Repsol Honda secures Team Championship at MotoGP finale.
Marc Marquez claimed victory number 12 of the season at Valencia’s MotoGP finale, making Repsol Honda Team Champions to add to his rider title and the constructors’ championship – the triple crown.
Teammate Jorge Lorenzo also scored points in his final MotoGP rider, with the five-time world champion bidding an emotional farewell to the sport. Fabio Quartararo (Petronas Yamaha SRT), meanwhile, signed off with another impressive podium in second, and he pipped Jack Miller (Pramac Racing) to the title of top Independent Team rider as the Aussie followed him home in third.
Miller launched his Pramac Racing machine into the holeshot, with Marquez getting a sluggish getaway from the middle of the front row to drop down to P6, having run slightly wide at turn one. Polesitter Quartararo then grabbed the lead from Miller as the Australian ran wide at turn two, with the Frenchman quickly creating a small gap to his rivals.
Heading into turn one on lap two, Marquez was into P3 past the fast-starting duo of Alex Rins (Team Suzuki Ecstar) and Andrea Dovizioso (Ducati Team), however, and it wouldn’t take the 2019 Champion long to pick off Miller as he locked his radar onto Quartararo.
The Rookie of the Year’s lead was 0.7s over Marquez, with the latter racing to an eight-tenths advantage over Miller. Marquez was creeping up to the back of the leading M1 slowly but surely, and on Lap 8 a surprise, late but super fine move at turn 11 saw the number 93 lead.
Suddenly third place Miller – with Dovizioso and Rins in tow – had closed the gap to less than half a second, the top five covered by 1.7s. However, Marquez was in the groove and the eight-time Champion had pulled to over half a second clear of Quartararo, with the gap hovering between 0.6s and 0.8s for a number of laps after.
Miller wasn’t letting Quartararo have P2 all his own way either, that margin was remaining at a second – enough to keep the number 20 on his toes. Everyone held firm before a tenth here and a tenth there saw Marquez stretch his advantage to one and a half seconds with six laps remaining, with Miller cutting the gap to Quartararo down by four tenths.
It was 0.6s, but was there a late twist for P2 inbound? Not quite, Miller didn’t have enough speed to catch the back of the M1 by the time the chequered flag was waved, with Marquez taking another 25-point haul to land Repsol Honda team the 2019 triple crown, Quartararo taking another podium and beating Miller to top Independent Team rider.
Dovizioso and Ducati’s aims of picking up the Teams title didn’t materialise in Valencia, but P4 was a solid result for the Italian who was comfortably best of the rest in 2019. Rins capped off a fine season by claiming P5 at his home Grand Prix, however it wasn’t enough to grab P3 in the championship from sixth place finisher Maverick Vinales (Monster Energy Yamaha MotoGP) – the Malaysian GP winner having a quiet final round of the season before jumping onto the 2020 Yamaha on Tuesday.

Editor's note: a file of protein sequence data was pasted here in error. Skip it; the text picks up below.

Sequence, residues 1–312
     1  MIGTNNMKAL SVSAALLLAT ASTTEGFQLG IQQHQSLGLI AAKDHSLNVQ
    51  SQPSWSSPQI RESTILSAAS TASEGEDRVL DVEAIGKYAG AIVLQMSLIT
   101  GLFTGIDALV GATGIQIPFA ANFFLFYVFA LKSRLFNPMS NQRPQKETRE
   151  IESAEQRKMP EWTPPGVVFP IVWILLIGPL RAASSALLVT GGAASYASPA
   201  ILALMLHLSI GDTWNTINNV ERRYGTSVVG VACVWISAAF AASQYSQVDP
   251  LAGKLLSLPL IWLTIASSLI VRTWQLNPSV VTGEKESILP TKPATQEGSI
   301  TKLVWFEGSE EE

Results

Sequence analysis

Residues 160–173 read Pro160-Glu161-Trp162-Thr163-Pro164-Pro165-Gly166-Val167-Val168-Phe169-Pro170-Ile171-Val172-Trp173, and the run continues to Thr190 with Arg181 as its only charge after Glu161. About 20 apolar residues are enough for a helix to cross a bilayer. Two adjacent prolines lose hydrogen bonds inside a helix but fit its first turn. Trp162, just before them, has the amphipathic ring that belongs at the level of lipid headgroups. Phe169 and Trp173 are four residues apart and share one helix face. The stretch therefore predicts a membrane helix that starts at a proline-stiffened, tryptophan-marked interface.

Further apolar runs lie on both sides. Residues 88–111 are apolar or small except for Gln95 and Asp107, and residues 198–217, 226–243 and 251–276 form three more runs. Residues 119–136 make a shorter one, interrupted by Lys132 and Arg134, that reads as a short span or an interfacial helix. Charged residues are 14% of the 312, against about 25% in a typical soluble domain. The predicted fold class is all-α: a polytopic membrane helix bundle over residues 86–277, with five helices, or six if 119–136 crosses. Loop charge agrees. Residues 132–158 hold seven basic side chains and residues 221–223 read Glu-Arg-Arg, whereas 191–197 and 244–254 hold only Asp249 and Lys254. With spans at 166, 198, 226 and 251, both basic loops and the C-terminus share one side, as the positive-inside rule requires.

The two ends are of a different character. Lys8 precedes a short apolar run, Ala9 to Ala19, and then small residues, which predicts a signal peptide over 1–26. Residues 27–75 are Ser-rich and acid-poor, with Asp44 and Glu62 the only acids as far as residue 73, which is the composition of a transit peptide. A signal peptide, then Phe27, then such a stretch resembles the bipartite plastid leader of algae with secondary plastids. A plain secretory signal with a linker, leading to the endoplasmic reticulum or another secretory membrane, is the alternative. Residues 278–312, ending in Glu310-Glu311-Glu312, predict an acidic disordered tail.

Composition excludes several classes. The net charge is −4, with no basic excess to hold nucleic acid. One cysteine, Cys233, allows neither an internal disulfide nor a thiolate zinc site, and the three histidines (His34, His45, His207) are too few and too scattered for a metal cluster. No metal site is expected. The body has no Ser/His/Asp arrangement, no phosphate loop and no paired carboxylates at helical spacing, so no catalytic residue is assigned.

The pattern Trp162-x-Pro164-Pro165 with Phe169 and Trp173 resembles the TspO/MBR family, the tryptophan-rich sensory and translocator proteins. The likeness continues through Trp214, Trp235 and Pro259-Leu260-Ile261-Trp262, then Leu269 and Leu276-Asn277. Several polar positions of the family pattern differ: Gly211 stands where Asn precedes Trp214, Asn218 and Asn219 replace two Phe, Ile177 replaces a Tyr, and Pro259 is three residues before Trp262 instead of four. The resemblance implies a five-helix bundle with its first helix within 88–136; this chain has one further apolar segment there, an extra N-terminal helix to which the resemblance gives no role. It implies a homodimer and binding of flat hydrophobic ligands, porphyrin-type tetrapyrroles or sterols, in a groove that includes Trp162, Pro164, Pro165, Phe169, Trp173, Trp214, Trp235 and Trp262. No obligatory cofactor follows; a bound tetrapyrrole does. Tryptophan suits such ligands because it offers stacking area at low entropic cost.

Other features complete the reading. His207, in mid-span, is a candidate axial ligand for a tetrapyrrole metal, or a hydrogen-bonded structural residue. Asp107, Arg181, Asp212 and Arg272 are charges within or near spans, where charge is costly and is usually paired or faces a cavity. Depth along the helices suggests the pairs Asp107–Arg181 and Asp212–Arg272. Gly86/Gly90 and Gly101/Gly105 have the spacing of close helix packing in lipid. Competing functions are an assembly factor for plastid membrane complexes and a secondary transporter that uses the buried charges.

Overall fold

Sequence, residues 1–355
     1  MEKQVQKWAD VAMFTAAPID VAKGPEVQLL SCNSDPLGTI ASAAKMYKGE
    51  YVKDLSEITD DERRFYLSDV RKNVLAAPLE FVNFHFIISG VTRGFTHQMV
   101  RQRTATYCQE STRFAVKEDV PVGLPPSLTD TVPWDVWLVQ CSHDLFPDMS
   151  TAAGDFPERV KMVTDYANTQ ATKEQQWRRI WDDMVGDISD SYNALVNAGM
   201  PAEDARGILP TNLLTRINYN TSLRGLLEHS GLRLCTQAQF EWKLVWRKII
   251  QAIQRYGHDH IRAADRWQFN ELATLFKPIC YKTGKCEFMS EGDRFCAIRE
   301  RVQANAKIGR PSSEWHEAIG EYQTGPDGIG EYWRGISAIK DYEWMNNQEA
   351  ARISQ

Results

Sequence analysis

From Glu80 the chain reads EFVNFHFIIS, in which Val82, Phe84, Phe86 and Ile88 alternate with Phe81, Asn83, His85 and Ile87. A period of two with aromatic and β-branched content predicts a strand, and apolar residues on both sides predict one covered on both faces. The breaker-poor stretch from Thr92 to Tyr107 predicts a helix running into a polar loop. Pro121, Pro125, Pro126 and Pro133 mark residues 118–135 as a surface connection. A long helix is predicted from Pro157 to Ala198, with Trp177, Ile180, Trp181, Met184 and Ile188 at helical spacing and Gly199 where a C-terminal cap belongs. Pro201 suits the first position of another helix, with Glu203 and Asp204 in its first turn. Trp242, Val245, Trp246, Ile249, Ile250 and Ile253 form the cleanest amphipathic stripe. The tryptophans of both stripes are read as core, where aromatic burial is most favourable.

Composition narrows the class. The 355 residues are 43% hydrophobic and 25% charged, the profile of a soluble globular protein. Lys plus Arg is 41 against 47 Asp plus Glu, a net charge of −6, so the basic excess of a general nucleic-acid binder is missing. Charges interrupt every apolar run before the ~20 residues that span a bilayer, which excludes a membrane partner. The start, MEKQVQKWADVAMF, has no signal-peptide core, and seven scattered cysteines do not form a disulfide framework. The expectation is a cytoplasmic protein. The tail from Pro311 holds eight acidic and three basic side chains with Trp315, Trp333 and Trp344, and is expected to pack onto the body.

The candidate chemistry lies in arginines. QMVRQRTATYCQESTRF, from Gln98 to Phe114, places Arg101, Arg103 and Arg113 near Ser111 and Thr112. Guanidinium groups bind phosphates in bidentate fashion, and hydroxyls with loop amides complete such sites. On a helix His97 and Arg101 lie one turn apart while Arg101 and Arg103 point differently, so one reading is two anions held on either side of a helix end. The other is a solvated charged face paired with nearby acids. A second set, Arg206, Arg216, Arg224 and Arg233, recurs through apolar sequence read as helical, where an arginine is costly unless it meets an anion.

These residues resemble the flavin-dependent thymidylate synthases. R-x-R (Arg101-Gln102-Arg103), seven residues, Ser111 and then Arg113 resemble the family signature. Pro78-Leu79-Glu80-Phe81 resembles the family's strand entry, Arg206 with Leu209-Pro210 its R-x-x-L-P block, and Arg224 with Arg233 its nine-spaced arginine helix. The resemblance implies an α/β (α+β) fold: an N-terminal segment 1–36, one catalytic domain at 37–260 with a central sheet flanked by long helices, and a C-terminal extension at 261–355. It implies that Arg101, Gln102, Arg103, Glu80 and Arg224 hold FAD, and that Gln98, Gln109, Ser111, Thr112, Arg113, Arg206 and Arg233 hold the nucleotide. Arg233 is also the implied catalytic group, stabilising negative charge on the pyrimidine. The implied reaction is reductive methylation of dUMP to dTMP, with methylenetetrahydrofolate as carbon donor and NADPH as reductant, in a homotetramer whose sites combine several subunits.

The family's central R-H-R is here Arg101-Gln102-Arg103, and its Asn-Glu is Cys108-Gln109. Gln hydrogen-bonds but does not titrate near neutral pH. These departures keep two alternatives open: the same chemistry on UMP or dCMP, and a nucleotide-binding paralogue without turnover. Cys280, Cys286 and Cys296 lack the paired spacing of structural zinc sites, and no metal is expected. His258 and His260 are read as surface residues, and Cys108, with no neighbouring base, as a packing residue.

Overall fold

Joan Mir (Team Suzuki Ecstar) in seventh was a great way to round off a very solid rookie MotoGP campaign, the Spaniard ending 2019 with five consecutive top 10s after an impressive comeback from his testing crash at Brno. Valentino Rossi’s (Monster Energy Yamaha MotoGP) P8 sees the nine-time world champion end the season P7 in the overall standings, with Aleix coming out on top in the battle of the Espargaro brothers – P9 for Aleix Espargaro (Aprilia Racing Team Gresini), P10 for Pol Espargaro (Red Bull KTM Factory Racing). That makes it all factories in the top 10.
Danilo Petrucci (Ducati Team), Johann Zarco (LCR Honda Idemitsu) and Iker Lecuona (Red Bull KTM Tech 3) all crashed at turn six, on lap 14, in separate incidents, although Lecuona was close behind Zarco and the Frenchman got flipped by the KTM. Cal Crutchlow (LCR Honda Castrol), Franco Morbidelli (Petronas Yamaha SRT) and Andrea Iannone (Aprilia Racing Team Gresini) also crashed – all riders ok.
On his final ever MotoGP ride, five-time world champion and future MotoGP Legend Jorge Lorenzo finished P13. It was an emotional day for the Spaniard who arrived back into pitlane to rapturous applause, with the Valencia fans paying their full respects to one of the sport’s greatest ever riders on his cool-down lap.
Brad Binder (Red Bull KTM Ajo) leaves the intermediate class on a high after taking his fifth win of the year, and third in a row. The South African played his cards to perfection to out-duel his main rival for second overall, Tom Luthi (Dynavolt Intact GP), with the Swiss rider forced to settle for second on the day and third in the standings.
Jorge Navarro (MB Conveyors Speed Up) completed the podium on true home turf, the Valencian taking his eighth podium of the year. Australian Remy Gardner (SAG Racing) was 15th.
Rookie Sergio Garcia (Estrella Galicia 0,0) took a stunning maiden Moto3 victory on home turf, returning to a top step he knows well from the FIM CEV Repsol Moto3 Junior World Championship thanks to a last corner pass on Andrea Migno (Mugen Race).
A breakaway group of seven riders battled for victory after an initial red-flagged lightweight class race as wildcard Xavier Artigas claimed a phenomenal debut rostrum on board his Leopard Impala Junior Team machine.
After an incredible first season in the FIM Enel MotoE World Cup, we have our inaugural Cup winner: Matteo Ferrari (Trentino Gresini MotoE). After taking P5 in race two at the Circuit Ricardo Tormo, the Italian lifted the crown with an 11-point advantage over Bradley Smith (One Energy Racing), bringing an impressive season to a close with two wins out of six.
In the race on the day, Eric Granado (Avintia Esponsorama Racing) came out on top after a duel with the very same Smith, with Hector Garzo (Tech 3 E-Racing) completing the podium.